BAIER: Oh, yes, he closed the gap. In fact, Joe Miller is leading in the Alaska Senate primary race for the GOP. Here is the latest, the very latest, just got new numbers in -- 50.8 percent to 49.2 percent against incumbent Republican Senator Lisa Murkowski. The spread right now 1,492 votes. They still have to count about 15,000 absentee ballots on Tuesday. And this one is too close to call. This is the shocker. We're back with the panel. Erin, there just wasn't any sign this was coming. You heard Joe Miller in that interview saying the polls are wrong. I feel it on the ground. He was right.
BILLINGS: Yes. All of us are were pretty stunned. No one was even focusing on it. I didn't even see Joe Miller's face until today. I don't think anyone, particularly in Washington had this guy on their radar. And Clearly Lisa Murkowski didn't have him on the radar. She had the money, she certainly had the establishment to help her if she wanted to tap into it. I don't think she was worried. She didn't want to go negative.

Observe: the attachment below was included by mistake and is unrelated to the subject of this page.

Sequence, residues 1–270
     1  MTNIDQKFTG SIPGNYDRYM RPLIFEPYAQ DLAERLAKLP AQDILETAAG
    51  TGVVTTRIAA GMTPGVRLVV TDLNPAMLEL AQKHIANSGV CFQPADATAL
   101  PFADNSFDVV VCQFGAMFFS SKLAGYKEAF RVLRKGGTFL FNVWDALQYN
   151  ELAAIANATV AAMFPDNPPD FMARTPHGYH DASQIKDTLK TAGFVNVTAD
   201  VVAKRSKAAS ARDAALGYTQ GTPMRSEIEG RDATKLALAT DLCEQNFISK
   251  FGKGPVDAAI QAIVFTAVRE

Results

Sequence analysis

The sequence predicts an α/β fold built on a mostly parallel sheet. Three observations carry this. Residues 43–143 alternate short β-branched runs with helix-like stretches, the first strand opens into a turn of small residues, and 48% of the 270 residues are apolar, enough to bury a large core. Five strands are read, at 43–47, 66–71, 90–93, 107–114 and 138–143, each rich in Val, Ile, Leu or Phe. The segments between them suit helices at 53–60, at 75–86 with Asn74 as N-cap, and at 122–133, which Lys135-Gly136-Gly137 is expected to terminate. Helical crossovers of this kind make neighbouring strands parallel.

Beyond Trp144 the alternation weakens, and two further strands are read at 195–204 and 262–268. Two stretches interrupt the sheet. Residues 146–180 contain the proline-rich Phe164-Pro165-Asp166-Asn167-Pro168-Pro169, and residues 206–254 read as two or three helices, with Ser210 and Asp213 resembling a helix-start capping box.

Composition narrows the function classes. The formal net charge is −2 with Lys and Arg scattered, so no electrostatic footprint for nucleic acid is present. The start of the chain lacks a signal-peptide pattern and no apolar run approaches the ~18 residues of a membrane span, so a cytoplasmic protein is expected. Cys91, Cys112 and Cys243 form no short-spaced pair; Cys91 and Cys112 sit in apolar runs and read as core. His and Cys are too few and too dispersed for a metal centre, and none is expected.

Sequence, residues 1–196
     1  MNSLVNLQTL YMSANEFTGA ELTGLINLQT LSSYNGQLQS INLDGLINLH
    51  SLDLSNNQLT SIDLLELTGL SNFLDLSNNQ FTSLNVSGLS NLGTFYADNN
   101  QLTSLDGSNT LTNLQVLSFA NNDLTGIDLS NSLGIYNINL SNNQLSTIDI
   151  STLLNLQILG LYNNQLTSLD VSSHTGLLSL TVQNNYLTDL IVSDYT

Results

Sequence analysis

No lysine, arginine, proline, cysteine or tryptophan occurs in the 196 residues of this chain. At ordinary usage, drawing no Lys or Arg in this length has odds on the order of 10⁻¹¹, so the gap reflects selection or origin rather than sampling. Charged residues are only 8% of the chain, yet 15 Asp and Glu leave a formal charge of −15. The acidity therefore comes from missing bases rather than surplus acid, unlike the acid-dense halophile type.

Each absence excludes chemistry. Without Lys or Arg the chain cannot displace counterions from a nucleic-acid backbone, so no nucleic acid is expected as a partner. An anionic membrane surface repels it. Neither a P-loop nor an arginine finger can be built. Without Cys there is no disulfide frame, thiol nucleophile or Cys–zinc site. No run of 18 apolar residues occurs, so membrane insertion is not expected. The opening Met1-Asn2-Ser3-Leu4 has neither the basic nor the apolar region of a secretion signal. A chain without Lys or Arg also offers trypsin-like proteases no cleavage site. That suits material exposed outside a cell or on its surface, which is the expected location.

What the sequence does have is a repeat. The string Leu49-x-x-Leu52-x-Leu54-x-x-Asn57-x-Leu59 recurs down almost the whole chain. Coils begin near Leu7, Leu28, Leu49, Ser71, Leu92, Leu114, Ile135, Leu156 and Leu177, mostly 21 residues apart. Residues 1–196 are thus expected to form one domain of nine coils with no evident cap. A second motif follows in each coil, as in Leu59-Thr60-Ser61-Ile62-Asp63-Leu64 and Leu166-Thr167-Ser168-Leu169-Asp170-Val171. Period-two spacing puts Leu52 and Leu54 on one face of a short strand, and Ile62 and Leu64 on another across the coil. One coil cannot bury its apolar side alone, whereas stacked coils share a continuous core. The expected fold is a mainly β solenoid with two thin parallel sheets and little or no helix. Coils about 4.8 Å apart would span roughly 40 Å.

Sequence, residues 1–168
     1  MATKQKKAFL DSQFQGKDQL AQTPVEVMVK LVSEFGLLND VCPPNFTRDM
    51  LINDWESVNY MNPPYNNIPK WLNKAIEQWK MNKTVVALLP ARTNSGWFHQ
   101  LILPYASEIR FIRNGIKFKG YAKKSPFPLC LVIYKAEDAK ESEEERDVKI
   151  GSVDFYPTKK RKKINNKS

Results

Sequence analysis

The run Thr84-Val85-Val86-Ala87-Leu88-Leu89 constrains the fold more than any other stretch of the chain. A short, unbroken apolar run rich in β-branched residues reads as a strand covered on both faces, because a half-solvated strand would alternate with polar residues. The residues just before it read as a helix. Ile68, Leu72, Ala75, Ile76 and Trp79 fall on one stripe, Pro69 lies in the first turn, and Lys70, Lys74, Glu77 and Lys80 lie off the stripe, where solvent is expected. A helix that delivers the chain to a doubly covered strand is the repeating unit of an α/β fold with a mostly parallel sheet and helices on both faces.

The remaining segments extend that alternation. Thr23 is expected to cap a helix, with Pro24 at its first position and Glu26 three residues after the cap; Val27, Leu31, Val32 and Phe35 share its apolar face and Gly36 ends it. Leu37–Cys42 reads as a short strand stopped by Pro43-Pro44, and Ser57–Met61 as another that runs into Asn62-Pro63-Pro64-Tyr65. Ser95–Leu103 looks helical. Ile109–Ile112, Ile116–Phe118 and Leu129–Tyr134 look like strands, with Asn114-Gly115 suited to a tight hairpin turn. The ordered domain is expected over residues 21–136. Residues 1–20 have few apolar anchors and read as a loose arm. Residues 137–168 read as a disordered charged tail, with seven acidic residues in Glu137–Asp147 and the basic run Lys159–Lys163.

And now we're hearing folks are saying maybe she didn't take this seriously enough like John McCain who took his race very seriously, and he trounced J.D. Hayworth in the Arizona Republican Senate primary race.
BAIER: She could have spent more money on this race in the primary.
Charles, Sarah Palin endorsed Joe Miller. So are you going to eat a little crow tonight --
KRAUTHAMMER: Yes. This is a public confession. Once again I've underestimated her. This really was a stunner. She had a clean sweep. Everybody she endorsed yesterday won.